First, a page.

Police Brutality and Media Cover-Ups

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Fishnut
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Re: Police Brutality and Media Cover-Ups

Post by Fishnut » Tue May 25, 2021 3:24 pm

A reminder that police excessive use of force is not restricted to any particular country. An inquest is currently underway in Perth, Australia, following the death of an indigenous man in 2017 who was tasered by police 10 times in less than two minutes.
Footage shot by witnesses showed Riley wailing as he was held down for seven minutes before an ambulance arrived.
It's all so depressingly familiar.

If you're wondering what he did to warrant such measures,
..two police officers had attended the Officeworks store in East Perth in May 2017 in response to unrelated reports of a robbery. They were alerted to Riley who was seen rocking from side to side and slapping his forehead... The officers approached the father of six and called triple zero to request an ambulance when he did not engage with them. Collins said Riley had then advanced on police and shouted “I’m going to kill you”, prompting Const Rory Winterburn to discharge his Taser. The police officers attempted to restrain the prone man as he struggled. “During this resistance, Mr Riley made repeated and continuous attempts to take possession of Constable [James] Wolfe’s firearm and bit down hard on Constable Wolfe’s arm causing it to bleed heavily,” Collins told the inquest.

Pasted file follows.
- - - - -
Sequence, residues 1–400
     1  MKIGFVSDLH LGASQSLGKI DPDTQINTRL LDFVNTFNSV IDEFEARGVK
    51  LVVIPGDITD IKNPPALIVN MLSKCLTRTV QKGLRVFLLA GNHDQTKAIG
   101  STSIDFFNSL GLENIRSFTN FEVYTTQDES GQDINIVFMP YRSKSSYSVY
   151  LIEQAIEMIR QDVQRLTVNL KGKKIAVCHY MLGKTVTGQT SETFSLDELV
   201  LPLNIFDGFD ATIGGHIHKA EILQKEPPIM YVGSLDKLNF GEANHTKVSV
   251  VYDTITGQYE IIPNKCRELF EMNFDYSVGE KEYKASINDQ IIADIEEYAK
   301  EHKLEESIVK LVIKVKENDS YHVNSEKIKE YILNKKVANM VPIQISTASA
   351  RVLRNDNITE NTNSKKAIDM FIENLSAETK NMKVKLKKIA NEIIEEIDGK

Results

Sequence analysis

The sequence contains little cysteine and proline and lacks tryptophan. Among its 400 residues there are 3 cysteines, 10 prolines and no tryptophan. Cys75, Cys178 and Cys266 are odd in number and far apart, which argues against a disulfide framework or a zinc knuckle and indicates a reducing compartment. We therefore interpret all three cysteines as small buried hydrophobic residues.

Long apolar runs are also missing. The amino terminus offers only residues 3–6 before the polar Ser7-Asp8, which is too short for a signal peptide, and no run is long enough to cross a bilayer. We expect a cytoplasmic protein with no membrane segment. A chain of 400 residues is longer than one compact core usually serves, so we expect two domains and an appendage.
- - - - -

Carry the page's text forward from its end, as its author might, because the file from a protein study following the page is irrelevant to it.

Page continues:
Given that this is the police version of events, I will admit to having some skepticism. Though even if an accurate rendition of events, it suggests to me a serious need to improve police training to deal with mentally unwell people. Where's the attempt at de-escalating? Why is your immediate reaction to taser the guy? Just because he said he's going to kill you doesn't mean you have to take him seriously. He's an unarmed guy clearly going through a mental health crisis who's more a risk to himself than others.

It's also worth taking a look at the original reporting,
A man has died after he was allegedly Tasered by a police officer in East Perth on Friday. Police were responding to a robbery in Lord Street around 11.35am, when officers came across a man that needed medical attention. As officers helped the man he became aggressive and a police officer was injured. A officer then allegedly Tasered the man who became unresponsive. The man was taken to Royal Perth Hospital and died a short time later.